Two kittens with one of the worst cases of a life-threatening stomach parasite that Together for Animals member Blue Cross has ever seen are now in loving homes after months of intensive treatment.
Stevie and Munroe were brought to Blue Cross’ Grimsby hospital in Lincolnshire in July last year after being found on the streets of the town with their stray mother, Sylvia.
They were suffering from severe diarrhoea, which had left them terribly sick, frail and weighing just a third of a kilo.
Blue Cross vets and nurses gave them emergency treatment and, once they were well enough, they were transferred to their Lewknor rehoming centre in Oxfordshire to find a home.
But while their mum made a full recovery and was soon rehomed, Stevie and Munroe suffered another setback.
Megan Bailey, Animal Welfare Assistant, said: “Sadly they fell ill again. We had lots of tests done, but everything came back negative.”
Without knowing what was making the brothers so poorly, the team at Lewknor continued with regular worming and intensive nursing in the hope there would be a breakthrough. There often is with mystery illnesses like this in cats, but not for poor Stevie and Munroe. While they would show brief signs of improvement, they would always get sick again.
“It wasn’t just frustrating, it was heart breaking,” said Megan.
Their only hope lay in treatment for a nasty parasite called tritrichomonas – they had already tested negative for this, but false results are possible, so the Lewknor team felt that it was worth a shot.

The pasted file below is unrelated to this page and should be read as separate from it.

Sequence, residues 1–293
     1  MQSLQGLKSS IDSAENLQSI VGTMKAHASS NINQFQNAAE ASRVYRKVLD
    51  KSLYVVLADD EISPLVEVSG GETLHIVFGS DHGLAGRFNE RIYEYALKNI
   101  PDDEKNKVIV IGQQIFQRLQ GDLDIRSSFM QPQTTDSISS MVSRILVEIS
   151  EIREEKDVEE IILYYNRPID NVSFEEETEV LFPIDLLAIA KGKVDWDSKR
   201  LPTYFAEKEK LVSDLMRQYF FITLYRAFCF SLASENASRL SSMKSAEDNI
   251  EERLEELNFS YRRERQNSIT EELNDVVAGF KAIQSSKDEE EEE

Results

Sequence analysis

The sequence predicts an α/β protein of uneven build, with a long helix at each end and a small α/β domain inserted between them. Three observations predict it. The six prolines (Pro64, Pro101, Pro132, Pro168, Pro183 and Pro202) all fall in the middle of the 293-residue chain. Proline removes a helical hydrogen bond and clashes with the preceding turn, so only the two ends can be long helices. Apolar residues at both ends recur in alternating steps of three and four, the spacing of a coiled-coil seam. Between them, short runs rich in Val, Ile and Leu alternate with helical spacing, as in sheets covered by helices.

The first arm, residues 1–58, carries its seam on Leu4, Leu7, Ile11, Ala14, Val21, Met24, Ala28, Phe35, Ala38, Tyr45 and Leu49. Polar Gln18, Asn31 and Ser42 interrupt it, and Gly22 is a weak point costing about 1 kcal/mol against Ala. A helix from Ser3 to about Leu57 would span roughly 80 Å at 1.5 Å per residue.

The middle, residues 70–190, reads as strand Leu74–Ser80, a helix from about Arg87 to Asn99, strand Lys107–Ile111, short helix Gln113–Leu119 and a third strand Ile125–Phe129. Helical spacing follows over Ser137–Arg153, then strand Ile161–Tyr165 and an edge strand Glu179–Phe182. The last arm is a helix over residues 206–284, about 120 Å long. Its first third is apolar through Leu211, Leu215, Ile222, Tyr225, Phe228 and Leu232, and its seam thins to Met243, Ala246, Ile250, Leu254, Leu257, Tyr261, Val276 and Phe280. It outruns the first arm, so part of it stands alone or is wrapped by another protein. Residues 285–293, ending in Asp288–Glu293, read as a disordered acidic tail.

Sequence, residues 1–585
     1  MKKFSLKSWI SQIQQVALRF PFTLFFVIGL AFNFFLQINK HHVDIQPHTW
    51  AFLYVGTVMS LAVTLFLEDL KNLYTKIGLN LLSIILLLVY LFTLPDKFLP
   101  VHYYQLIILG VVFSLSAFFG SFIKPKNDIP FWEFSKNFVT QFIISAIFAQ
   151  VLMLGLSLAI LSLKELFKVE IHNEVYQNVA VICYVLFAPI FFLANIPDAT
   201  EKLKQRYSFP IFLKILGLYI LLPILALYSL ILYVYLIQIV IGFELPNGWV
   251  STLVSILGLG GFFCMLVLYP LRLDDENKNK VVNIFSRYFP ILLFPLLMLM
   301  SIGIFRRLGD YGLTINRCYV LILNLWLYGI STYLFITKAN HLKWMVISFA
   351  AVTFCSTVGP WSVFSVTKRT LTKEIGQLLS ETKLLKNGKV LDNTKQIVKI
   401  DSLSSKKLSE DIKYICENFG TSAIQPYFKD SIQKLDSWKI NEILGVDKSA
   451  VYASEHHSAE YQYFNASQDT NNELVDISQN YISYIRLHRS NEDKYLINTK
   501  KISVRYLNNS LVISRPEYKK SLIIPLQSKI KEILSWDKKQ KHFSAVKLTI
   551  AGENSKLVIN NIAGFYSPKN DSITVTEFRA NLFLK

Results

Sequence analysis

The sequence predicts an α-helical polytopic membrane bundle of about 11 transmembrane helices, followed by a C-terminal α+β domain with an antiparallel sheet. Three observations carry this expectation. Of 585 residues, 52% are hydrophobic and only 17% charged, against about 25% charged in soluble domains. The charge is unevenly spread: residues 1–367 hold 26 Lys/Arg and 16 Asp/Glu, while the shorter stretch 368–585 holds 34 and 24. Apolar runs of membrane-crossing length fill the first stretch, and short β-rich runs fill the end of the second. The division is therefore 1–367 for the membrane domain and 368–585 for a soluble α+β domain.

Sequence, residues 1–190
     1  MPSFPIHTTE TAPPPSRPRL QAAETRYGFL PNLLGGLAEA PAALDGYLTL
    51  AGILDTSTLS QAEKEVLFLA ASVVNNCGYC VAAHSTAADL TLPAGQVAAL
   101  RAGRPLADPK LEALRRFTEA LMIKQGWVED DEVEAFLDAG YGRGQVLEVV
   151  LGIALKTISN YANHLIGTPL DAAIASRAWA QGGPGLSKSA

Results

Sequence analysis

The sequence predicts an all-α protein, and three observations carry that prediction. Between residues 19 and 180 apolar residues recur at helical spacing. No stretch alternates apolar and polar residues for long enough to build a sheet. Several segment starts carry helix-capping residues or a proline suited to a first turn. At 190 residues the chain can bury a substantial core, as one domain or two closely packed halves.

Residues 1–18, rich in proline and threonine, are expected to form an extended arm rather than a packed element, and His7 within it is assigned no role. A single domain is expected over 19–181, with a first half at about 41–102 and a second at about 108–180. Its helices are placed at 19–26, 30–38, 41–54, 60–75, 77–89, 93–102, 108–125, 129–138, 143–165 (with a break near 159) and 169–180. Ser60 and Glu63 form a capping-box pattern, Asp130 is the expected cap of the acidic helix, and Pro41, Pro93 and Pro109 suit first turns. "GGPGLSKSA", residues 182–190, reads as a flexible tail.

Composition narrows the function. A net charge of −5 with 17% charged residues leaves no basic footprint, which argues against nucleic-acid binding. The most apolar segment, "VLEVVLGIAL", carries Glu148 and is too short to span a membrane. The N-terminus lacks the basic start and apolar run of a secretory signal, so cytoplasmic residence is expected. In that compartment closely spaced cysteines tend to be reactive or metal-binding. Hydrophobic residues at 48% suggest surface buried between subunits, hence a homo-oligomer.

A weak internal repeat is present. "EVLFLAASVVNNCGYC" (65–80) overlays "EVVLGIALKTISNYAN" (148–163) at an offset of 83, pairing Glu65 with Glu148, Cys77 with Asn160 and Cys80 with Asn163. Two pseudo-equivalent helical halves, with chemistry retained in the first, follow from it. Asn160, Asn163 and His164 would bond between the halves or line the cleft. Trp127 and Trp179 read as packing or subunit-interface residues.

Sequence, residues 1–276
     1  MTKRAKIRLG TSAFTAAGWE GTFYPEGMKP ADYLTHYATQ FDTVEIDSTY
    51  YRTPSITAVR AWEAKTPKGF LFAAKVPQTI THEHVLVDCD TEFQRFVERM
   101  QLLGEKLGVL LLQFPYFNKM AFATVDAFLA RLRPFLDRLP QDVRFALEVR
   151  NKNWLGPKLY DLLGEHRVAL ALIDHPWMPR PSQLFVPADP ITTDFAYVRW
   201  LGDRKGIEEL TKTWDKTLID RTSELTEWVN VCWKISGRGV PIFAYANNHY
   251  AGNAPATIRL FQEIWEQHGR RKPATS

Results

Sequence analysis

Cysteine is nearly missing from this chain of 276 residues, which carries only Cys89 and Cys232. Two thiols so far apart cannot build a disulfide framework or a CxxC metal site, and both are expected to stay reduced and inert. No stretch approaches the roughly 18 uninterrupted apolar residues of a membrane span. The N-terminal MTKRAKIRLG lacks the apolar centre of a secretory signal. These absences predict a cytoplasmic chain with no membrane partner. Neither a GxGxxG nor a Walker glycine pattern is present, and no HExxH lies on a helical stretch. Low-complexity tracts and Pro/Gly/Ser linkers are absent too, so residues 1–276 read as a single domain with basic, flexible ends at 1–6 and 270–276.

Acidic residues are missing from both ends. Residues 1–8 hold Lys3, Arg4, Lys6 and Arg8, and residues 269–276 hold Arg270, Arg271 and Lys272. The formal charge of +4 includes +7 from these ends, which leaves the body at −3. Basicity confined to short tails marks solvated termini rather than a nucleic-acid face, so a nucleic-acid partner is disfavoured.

But it needed to wait until Stevie and Munroe were three months old due to the possible side effects of the medication, which has to be specially imported.
To everyone’s relief, they not only tolerated the medicine, but their diarrhoea cleared up properly for the first time.
Megan said: “In the end three courses of treatment were needed. But every penny was worth it to be able to help such sick kittens recover, giving them a chance to live a long and healthy life.”
It was the highest number of courses of this treatment that any cats in the care of the Lewknor centre have ever needed. And, throughout it all, the brothers had to remain in isolation to prevent the infection spreading; this meant that they were confined to their pens and could only be handled by staff wearing protective clothing and gloves.
Eve Brant, Veterinary and Operational Supervisor at Lewknor, said: “It was so sad to see them go through it. Having to put up with all the equipment around them and not being allowed that freedom, to be confined like that, must have been so hard for them, but they turned into such lovely cats. They just coped amazingly.”
And, after more than 230 days in Blue Cross care, both Stevie and Munroe went off to the loving homes they deserved.
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